• Sanity Claws

      What? Is my bro here?

      Aww, he's gone again......tartar sauce!

      August 5, 2010 at 6:30 pm |
  6. Jihad

    Studies and statistics consistently reveal that people who do not believe in God have a short life span, IQs much lower than Somali pirates and small penises or breasts. It's true...I read it on a post just like yours Luke.

    August 5, 2010 at 6:02 pm |
    • Really??

      My uncle was a lifelong atheist and lived to be the ripe old age of 91.
      And, by the way, he was one of the kindest men I knew. Never judged people and left everything to various charities. Pretty good for a non-believer. And I would bet he is where we all end up.. ..Dust in the wind.

      August 5, 2010 at 6:43 pm |
    • Luke

      Well, not that I have any way of proving over the internet, but I am a member of MENSA and have three degrees in finance. Those darn Pirates sure do study a lot I guess. Shucks!

      August 5, 2010 at 8:30 pm |
    • CatholicMom

      Really??,
      You are talking about your uncle's body....but what about his soul?

      August 5, 2010 at 10:05 pm |
  7. Jim

    When asked what the greatest commandment was Jesus replied with Love One Another. Pretty simple....apparently not so easy...but simple. Hitchens is an interesting human being period. My Faith is mine and his is his. I can mourn his illness and pray for his soul according to MY Faith. Trust me, I can find a reason to pray for anyone.....anyone.

    August 5, 2010 at 6:01 pm |
    • LouAz

      Well get busy praying then. Humanity is a mess ! For 10,000 years we have been killing each other in the name of . . .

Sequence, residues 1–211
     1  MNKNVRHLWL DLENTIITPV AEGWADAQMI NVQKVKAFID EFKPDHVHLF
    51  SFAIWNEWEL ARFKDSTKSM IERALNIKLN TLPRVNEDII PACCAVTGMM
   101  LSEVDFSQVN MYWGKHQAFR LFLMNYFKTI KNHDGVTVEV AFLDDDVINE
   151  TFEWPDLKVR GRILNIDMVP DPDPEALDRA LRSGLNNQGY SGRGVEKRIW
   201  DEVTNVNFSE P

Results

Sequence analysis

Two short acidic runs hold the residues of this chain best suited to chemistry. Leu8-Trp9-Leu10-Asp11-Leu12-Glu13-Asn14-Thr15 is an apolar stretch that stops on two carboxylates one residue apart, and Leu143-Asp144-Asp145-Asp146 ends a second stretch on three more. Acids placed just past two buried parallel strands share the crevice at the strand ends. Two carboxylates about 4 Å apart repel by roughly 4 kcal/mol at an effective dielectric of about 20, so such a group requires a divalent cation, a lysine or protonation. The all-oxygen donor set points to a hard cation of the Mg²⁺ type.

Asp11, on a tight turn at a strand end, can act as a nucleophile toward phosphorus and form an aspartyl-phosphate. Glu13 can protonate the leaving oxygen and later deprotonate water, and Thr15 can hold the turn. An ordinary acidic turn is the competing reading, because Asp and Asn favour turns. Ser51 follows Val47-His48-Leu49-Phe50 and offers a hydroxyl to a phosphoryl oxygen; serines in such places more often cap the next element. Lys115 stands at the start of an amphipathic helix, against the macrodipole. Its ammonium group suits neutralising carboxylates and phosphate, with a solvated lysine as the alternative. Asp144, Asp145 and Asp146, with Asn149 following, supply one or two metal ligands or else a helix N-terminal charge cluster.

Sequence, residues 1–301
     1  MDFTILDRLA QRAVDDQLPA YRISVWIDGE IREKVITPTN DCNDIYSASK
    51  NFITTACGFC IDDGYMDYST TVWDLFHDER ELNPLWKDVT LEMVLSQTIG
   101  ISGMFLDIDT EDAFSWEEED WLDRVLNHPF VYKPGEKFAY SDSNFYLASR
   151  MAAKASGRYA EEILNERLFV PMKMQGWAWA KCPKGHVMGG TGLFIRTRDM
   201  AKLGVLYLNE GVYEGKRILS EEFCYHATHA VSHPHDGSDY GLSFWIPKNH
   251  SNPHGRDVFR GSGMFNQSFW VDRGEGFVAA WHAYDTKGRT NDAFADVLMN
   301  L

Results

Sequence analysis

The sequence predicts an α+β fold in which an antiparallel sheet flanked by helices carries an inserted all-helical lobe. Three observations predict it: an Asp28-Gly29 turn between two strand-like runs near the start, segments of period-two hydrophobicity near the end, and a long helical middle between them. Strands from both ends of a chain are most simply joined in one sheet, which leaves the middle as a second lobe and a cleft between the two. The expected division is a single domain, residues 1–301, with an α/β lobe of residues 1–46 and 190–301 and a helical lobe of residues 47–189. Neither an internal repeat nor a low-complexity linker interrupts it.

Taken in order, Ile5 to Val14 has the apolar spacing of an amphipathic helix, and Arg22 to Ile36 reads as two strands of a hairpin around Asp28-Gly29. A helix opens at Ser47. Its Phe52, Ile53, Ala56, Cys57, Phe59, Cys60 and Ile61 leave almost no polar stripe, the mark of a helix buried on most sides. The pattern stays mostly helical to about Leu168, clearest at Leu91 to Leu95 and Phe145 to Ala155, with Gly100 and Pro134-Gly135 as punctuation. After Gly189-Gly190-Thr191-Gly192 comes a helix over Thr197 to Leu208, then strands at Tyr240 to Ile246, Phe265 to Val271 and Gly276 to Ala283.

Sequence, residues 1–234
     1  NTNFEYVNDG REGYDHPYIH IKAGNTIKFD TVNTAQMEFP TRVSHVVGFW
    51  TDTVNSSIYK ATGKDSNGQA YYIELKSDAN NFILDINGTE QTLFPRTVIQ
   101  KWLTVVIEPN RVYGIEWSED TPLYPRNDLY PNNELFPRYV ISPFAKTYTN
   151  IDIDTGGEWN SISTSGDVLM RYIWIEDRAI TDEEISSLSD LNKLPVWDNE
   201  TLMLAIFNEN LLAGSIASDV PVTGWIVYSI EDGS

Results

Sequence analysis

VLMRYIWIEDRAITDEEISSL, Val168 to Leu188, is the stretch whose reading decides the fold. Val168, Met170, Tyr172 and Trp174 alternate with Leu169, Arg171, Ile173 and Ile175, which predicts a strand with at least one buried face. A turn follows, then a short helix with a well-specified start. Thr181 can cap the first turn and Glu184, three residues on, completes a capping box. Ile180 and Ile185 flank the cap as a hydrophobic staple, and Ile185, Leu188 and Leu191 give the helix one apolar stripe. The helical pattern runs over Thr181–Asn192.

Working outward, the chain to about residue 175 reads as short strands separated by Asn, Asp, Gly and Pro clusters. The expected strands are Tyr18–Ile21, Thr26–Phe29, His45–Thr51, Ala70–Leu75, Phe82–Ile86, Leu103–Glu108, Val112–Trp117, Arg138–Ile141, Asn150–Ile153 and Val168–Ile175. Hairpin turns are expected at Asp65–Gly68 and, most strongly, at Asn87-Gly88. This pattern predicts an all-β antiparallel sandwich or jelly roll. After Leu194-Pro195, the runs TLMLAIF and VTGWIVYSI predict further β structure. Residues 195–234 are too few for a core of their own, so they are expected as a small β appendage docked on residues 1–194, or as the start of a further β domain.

Oh, never mind.

      August 5, 2010 at 6:16 pm |
  8. joy

    The man is a fellow human. Have some compassion. Why does everything have to be a debate in this COUNTRY! So he doesnt believe in GOD. That is for him and GOD to work out one day. I have learned all the debate in the world isnt going to change how someone feels if they are passionate. Live and let Live. If you believe then pray for the man if not then so be it. I am a Christian and dont believe that calling names and telling someone they are wrong by not to believeing is my business. It doenst change my right to practice my religion. We live in a free country. I think many have forgotten that this gives us a right to believe what we wont. All this petty fighting isnt doing anyone any good. Calling someone names isnt a good way to get ur message across. It only makes you and the others in ur religion look silly

    August 5, 2010 at 6:00 pm |
  9. Debbie

    Great debate with Christopher Hitchens for those interested... tried to find a link to transcript of it (I could've sworn I've read one before), but just do a web search of "Christopher Hitchens debate William Lane Craig" on "Does God Exist".

    August 5, 2010 at 5:59 pm |
  10. Ladislav Nemec, Big Bear, CA